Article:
Sunday, March 10, 2013

A vision system selection case study

There are some skilled salesmen in machine vision, and I often get brought in to situations where a plant can’t reproduce the results of the salesman’s demo.
That’s why I suggest you take five to read “Bringing Closure to Product Defects,” published on the Control Design website, February 13th, 2013. This article describes the process Phoenix Closures used to select a vision system that would be deployed across multiple lines. And believe me, it was a process and not a case of which salesman put on the best dog-and-pony show.
A pedant, like me, could argue there were weaknesses in the process. For instance, I think more time upfront defining needs would have been prudent, and some kind of scoring or ranking system could have been used to quantify relative performance. But perhaps all that was just cut from the article. I don’t know.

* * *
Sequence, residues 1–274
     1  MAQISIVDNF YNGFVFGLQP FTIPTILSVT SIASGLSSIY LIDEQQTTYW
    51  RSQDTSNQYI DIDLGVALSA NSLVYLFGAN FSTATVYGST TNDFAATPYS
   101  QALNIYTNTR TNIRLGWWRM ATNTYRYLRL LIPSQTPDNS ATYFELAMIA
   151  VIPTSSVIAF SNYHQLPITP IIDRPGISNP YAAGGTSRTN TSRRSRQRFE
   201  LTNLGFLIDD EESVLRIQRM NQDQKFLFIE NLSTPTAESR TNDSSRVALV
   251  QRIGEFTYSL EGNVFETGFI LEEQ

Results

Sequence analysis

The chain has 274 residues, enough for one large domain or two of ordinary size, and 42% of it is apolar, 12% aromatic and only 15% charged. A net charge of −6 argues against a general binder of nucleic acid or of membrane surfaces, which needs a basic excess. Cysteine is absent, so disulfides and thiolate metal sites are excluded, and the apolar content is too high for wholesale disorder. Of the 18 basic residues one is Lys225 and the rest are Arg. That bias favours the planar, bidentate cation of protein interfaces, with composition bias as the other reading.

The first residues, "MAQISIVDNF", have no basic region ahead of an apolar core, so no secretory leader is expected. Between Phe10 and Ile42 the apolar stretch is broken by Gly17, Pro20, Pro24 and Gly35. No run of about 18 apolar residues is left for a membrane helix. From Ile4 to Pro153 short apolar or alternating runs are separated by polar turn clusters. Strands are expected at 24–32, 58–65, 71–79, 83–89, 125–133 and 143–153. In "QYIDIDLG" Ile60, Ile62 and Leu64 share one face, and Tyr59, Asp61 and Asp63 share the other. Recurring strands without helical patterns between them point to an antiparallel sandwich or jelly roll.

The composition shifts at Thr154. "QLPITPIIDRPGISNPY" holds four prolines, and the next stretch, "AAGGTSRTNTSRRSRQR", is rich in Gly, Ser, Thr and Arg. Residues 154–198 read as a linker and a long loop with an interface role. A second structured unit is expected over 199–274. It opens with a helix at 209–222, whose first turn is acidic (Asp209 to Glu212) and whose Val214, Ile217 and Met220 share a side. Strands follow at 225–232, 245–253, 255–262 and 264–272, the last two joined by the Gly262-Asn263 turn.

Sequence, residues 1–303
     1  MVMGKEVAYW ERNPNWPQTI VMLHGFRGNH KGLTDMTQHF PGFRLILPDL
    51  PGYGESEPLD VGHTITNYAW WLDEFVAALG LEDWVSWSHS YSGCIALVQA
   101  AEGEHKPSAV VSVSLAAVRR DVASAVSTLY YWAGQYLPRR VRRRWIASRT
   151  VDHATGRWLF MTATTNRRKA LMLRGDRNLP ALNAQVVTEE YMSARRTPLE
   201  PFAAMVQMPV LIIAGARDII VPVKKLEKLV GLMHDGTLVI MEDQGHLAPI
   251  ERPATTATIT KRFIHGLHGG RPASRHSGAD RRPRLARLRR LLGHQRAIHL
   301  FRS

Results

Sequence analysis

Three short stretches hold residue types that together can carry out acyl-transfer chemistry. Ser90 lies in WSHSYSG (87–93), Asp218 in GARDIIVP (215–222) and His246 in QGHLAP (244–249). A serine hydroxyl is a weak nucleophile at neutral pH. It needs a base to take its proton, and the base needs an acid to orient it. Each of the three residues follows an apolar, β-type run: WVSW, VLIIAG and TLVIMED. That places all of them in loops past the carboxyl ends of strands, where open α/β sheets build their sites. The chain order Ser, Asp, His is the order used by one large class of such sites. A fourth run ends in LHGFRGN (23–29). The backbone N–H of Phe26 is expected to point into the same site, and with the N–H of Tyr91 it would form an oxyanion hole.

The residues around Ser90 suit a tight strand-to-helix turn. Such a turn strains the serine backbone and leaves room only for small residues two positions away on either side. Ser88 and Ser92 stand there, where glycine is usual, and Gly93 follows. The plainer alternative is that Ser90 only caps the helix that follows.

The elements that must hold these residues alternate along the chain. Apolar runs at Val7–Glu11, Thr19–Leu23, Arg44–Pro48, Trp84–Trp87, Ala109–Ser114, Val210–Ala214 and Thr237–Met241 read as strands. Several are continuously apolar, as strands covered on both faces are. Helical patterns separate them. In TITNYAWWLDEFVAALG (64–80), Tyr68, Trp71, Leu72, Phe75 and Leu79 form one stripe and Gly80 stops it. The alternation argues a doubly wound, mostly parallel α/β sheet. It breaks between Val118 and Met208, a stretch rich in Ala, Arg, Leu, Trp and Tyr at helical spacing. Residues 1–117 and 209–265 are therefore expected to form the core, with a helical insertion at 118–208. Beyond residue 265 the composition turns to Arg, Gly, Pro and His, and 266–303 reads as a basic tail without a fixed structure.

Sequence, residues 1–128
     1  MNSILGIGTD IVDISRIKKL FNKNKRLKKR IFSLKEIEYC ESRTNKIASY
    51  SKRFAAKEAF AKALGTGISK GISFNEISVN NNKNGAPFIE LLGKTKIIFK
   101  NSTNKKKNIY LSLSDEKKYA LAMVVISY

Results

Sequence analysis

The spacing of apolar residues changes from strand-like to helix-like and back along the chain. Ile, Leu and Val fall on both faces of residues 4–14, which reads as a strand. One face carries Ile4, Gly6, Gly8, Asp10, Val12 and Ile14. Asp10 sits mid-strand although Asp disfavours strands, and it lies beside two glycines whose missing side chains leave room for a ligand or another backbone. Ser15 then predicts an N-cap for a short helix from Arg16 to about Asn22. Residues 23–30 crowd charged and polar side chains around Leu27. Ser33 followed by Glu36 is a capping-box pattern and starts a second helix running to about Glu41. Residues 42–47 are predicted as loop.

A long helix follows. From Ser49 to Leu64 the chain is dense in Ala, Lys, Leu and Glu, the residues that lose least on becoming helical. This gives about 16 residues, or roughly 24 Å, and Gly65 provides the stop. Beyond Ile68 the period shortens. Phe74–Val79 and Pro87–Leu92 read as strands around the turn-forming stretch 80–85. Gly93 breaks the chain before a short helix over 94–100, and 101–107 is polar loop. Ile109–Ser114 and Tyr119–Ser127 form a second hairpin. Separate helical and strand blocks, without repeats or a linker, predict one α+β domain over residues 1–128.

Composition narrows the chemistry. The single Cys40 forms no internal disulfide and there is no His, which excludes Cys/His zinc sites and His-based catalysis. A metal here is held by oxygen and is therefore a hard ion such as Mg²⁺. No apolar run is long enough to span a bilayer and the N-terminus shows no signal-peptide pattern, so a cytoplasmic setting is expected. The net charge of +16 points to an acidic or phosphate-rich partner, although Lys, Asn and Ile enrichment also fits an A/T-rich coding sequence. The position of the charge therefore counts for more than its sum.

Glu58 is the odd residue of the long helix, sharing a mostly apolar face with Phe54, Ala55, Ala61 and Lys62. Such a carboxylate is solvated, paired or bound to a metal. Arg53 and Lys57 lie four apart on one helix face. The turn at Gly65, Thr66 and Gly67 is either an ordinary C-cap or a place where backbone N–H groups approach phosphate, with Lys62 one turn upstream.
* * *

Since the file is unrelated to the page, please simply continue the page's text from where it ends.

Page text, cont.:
Bottom line: don’t buy the first system you see. Make the effort to figure out what suits you best. It’s always going to produce a more satisfactory result.

1 comment:

David Dechow said...

Hey - I keep enjoying the blog and try not to comment too often... Regarding, though, this end-user and the related article, I'm REALLY troubled by one of statements. One quote in the article says "The company had several brands of vision systems in use for a few years, and ... there were always problems. "We realized we had to figure out what brand and type of vision solution would work the best for us and why," The reality is that most often the problem is in the implementation, NOT in the product. It's HIGHLY unlikely that Phoenix Closure's previous inspection attempts were failures due to component selection. More probably it was due to failures in design, implementation, integration, customer buy-in, and vendor support. Now, that all may still translate into component selection, but I suspect some detail was missing from the article.